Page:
$cur_page_title="Caring For Ducks"; $cur_description="All the information you need to help when raising ducks. From protection and cleanliness to feeding and watering,"; $cur_keywords="Raising Ducks, How to Raise Ducks, Acquiring Stock, Choosing the Right Breed"; $h1="Raising Ducks"; $h2="Caring For Your Ducks"; ?> include "header.php"; ?>
If you have decided to raise your very own ducks for pets you have made a good decision. Ducks can be very entertaining creatures to watch. From the way they quack to the way they waddle and everything in between. Some would say that the most entertaining part of having ducks as pets is to watch them swim. They tend to be very acrobatic in the water. You will most likely find your ducks diving under the water and even doing flips!
With the joy of owning your own ducks, however, comes responsibility. There are a few supplies you will need for feeding and watering them. If you have ducks that are in a brooder, you will need to purchase a feeder and waterer specified for small poultry. Usually, the feeders and waterers are made so that the hatchlings can access it without being able to get into the food or water and get it dirty. Basic things to look out for when purchasing a feeder is that the ducks can fit their beaks into the feeding holes into their adolescent stages. Also, when purchasing a waterer, it should only be deep enough so the ducklings can fit their beak and nostrils into, not their whole head. Although they are aquatic animals, ducklings can actually drown the first couple of weeks of their life. If the waterer you have seems to be too deep, you can fill it with marbles to make it safe for new ducklings to drink out of.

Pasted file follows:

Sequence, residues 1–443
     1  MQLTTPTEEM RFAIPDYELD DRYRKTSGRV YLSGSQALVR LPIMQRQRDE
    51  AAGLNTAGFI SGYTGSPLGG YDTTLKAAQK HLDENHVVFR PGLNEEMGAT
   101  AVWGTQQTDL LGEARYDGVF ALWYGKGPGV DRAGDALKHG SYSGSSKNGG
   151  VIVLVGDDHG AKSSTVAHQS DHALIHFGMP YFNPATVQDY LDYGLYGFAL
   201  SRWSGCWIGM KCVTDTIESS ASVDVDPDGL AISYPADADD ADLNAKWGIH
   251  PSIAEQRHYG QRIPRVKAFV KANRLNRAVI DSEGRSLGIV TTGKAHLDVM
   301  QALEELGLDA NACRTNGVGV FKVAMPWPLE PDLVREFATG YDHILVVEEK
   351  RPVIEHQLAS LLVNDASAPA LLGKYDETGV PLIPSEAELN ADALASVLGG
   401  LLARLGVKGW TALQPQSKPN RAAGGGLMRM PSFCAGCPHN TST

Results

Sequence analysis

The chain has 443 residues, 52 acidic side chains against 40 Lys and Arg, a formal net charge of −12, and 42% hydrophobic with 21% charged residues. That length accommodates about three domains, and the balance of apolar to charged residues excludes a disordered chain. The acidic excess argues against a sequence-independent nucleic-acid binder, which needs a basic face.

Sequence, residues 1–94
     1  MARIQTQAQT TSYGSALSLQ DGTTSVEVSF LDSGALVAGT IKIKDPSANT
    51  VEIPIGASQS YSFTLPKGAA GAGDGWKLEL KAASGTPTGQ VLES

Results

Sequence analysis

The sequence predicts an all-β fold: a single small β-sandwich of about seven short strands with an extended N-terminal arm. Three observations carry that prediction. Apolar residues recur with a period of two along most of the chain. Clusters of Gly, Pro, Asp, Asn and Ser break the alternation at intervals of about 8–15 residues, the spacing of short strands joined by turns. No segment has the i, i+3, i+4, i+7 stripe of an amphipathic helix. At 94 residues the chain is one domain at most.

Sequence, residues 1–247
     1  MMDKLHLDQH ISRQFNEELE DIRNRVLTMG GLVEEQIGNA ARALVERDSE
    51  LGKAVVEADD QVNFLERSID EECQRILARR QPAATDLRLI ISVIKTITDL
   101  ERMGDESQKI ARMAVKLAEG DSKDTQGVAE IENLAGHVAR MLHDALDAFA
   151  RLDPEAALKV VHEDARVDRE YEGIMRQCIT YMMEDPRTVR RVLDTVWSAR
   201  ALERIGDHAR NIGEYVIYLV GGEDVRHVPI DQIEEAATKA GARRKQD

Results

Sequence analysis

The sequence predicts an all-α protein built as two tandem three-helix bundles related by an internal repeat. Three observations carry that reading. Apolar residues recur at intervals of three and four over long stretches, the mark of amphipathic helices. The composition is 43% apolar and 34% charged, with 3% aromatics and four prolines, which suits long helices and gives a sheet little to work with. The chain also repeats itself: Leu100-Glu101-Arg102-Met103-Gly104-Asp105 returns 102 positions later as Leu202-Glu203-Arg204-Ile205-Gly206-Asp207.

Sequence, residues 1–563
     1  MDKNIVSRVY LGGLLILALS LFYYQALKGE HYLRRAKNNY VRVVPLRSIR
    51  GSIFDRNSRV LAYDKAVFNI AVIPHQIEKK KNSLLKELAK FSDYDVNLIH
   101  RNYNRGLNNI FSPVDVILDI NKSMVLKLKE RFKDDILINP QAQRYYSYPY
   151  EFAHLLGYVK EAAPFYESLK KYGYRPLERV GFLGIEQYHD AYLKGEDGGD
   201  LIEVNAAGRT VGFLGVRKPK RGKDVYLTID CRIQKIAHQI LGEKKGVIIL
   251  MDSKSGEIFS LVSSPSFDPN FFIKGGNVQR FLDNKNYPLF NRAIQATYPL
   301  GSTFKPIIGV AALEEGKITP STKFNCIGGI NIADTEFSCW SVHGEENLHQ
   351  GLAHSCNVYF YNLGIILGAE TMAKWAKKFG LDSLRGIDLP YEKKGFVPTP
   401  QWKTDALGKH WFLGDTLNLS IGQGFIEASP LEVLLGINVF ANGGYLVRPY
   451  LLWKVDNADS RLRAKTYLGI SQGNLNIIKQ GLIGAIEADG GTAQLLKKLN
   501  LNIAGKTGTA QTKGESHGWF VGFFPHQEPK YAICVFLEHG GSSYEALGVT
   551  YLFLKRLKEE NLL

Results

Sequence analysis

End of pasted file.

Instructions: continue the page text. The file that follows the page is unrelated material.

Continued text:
When your ducklings have first hatched, it is not necessary for them to eat for the first twenty-four hours of life. They will use this time to consume all of the nutrients they obtained from absorbing all of the yolk in their egg during their final stage of hatching. After the initial twenty-four hours it will be your time to step in as 'mom' and begin to feed them. The best thing to start them out on would be poultry crumble that contains twenty to twenty-two percent protein for the first three weeks. Between three and six weeks old, you may switch them to crumble with sixteen percent protein. After six weeks you can maintain your duck's diet on poultry pellets. If you have laying females, your feed store will provide laying pellets specifically for that. Otherwise, basic poultry pellets containing sixteen to eighteen percent protein will suffice. Also, never feed your ducks seeds, nuts or even chocolate. Some human food can be toxic to them, as well. It is best to stick to what is sold at the feed store. If you want to spoil them and give them a treat every now and then, do your research first on what they can safely consume. Since the crumble feed is in small bits, it will be easy for your ducklings to digest. This type of feed also provides the proper vitamins and nutrients for ducks and other poultry alike.
Besides eating and drinking, ducks need the chance to play, as well. Like most young animals, ducklings like to enjoy playtime every now and then. While your ducklings are in their brooder, you can actually leave a few little items in there for them to play with. For example, cat toys seem to work well or small cloth or bouncy balls. Not too small that they can ingest them, however. You can also supply floating toys for them in their pool. Some ducks will choose to play with them, some will not.
These are the basics in enjoying the lives of your pet ducks. All in all, it is a fairly simple task to raise ducks. Remember, just like any other pet, they will need your love and attention as well. If you take good care of your ducks they can be an enjoyable part of your life for an average of ten years.$sfeed_search = "poultry"; ?>